The Athlete's Guide To Breathing Meditation

Athletes and coaches swear by meditation as a way to build focus and willpower. But where do you begin? Right here, with this simple guide.

While living in Thailand for 8 months, I attended a vipassana meditation retreat. Picture 10 days in complete silence, for 10 hours a day. I slept on a cement bed, woke at 4 a.m., spent much of the day sitting in the same posture, and was sore, tired, and bored plenty of the time. And yet if you ask me, I'll say right away that it was a totally awesome experience!

Like any other athlete, I like to challenge myself. I want to push my boundaries and learn more about myself each day and each session. This is what training does—and it's also what meditation does. It strengthens our minds, pushing us to do more and be more. A growing amount of research also indicates it can have powerful positive effects on our bodies, and you'll find strength athletes of all types who swear by it.

The best part? You don't need to go to Thailand to experience its benefits. It's totally free, you can start right now, and you don't need much coaching to start.

The Importance of Breathing

If you use pop culture as your guide, it could be easy to believe that you have to "meditate on" something—some profound truth or mantra. It doesn't have to be that way. In fact, I would argue that you should start simply by paying closer attention to something that you already do tens of thousands of times a day: breathing. If it helps you get over the "that's weird" hump, you can just think about meditation as deep-breathing practice.

Sure, you know that breathing is crucial to survival, since it's responsible for the delivery of oxygen and the removal of carbon dioxide to and from the lungs and tissues. But here's what you may not know: Not all breathing is the same. Shallow, chest-focused breathing is an entirely different animal than deep, belly-focused breathing, also known as "diaphragmatic breathing." The former can increase or prolong a stressful state of mind and body. The latter can do incredible things.

You may think you know everything about how to breathe, but committing to a meditation practice can cultivate skills that make you better at your other physical training, too.

For one, breathing can also produce a sense of calm, engaging our parasympathetic nervous system in what Harvard researcher Herbert Benson famously called "the relaxation response." Studies have also shown it can help alleviate adrenal fatigue, lower cortisol levels, and help control pain in a variety of populations.

Mindful meditation has also been shown to be effective at decreasing food cravings and binge-eating.1 Trainers and strength coaches advocate it as a way to boost willpower before training, but also as a way to activate the deep core as part of a warm-up. And as a more sport-specific benefit, researchers have found that engaging in respiratory-muscle training can improve exercise performance.2

In other words, a breath-focused meditation isn't woo-woo in the least. In fact, it may be one of the easiest ways you can improve the way you feel and perform, both in the gym and in life.

Where, When, and How to Start With Breathing Meditation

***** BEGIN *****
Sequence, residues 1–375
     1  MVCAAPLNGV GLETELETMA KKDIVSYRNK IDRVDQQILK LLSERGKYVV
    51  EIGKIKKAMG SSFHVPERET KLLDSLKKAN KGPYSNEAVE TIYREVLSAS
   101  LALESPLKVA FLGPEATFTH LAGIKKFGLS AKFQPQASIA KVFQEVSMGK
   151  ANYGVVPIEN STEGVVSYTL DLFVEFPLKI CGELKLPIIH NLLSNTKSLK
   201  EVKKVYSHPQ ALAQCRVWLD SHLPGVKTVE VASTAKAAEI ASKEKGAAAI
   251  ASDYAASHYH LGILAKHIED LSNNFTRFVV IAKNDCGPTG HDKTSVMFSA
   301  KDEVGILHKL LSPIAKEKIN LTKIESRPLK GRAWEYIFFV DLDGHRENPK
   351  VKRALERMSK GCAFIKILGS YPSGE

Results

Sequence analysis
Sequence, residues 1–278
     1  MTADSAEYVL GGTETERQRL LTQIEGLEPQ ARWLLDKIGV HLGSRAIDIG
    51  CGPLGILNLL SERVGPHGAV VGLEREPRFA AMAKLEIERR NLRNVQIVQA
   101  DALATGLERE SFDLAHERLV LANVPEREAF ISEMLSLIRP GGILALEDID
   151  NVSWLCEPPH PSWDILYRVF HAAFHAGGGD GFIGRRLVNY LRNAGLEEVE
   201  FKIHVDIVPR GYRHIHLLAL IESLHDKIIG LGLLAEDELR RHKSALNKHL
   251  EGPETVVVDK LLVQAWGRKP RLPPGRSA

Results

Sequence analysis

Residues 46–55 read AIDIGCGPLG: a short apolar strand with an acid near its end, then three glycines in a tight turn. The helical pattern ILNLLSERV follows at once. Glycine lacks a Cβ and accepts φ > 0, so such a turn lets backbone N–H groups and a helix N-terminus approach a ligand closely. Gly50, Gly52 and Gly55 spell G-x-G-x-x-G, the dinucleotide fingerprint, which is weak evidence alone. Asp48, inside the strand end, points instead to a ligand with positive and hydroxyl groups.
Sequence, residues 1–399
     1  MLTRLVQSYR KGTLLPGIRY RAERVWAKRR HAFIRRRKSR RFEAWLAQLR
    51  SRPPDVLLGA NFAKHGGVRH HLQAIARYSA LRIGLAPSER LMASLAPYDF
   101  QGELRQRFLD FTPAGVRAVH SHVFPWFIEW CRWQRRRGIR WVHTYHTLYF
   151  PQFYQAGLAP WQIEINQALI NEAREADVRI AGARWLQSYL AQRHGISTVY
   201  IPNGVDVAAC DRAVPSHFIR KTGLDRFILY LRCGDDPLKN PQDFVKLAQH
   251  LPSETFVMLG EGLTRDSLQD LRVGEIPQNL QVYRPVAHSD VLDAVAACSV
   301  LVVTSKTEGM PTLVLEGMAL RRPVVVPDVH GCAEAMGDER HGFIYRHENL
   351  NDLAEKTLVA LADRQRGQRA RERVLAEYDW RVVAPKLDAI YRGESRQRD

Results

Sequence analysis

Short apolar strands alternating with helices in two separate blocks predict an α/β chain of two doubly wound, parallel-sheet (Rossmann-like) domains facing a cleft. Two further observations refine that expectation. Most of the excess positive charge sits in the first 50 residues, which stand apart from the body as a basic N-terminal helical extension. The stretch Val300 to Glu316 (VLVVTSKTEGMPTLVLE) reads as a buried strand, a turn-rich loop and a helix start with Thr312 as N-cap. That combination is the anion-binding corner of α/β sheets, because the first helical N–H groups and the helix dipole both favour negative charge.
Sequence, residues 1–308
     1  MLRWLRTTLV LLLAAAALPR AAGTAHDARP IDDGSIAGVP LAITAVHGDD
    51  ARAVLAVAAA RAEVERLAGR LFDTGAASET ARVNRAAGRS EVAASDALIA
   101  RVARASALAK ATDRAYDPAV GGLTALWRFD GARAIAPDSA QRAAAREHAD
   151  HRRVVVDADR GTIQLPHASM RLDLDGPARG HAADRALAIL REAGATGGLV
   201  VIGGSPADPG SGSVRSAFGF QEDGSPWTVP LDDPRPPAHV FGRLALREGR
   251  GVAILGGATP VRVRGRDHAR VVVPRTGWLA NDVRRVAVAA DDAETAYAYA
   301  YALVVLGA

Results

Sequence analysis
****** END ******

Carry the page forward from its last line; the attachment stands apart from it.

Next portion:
Got a hunk of floor? Do it there. Got a bit of time? Do it then. Just 10 minutes a day is all you need. More is better, of course, but 10 is a great start.

As for the "how," you probably envision the classic lotus posture: seated on the floor, cross-legged, straight back, eyes closed, hands on your knees with your thumbs and index fingers touching, blissfully unaware of your surroundings.

This posture works for plenty of people. For many others, it's awkward and uncomfortable. If that sounds like you, then find a position that's not awkward and uncomfortable. Some people find they can best access the "clear mind" feeling in a chair, lying down, standing, running, chanting, or even doing yoga.

Personally, I find that some variety of seated breathing meditation is a great place to start. Here's how you can optimize the seated position to encourage full, deep, and expansive breaths:

  • Spine: feeling tall and following the natural double S curve
  • Head: pointing straight forward with a slight double chin for alignment—again, think tall.
  • Eyes: closed, but relaxed, not clenched
  • Shoulders: down and away from the ears
  • Body: relaxed, but not enough to fall asleep

If you're going to sit on the floor, placing a yoga block or a couple of phone books under your butt can make your hips far more comfortable. If you're in a chair, just focus on not slouching or collapsing. I'll say it one more time: Stay tall, but relaxed.



What to Think About While Meditating

This is the big question, right? Get "in there," and you might find yourself bombarded with thoughts, emotions, sensations, and urges—an itchy cheek here, a twitchy arm there, and dammit, what the hell is that sound?

The stock answer: Meditation is less about a lack of thinking and more about awareness. You can't eliminate your senses, so try to observe them objectively. An analogy I like is hearing versus listening. When I lived in South America, I could hear people speaking Spanish, but I couldn't understand what they were saying. They were there, and I was aware of them, but I was simply observing rather than actively processing their words.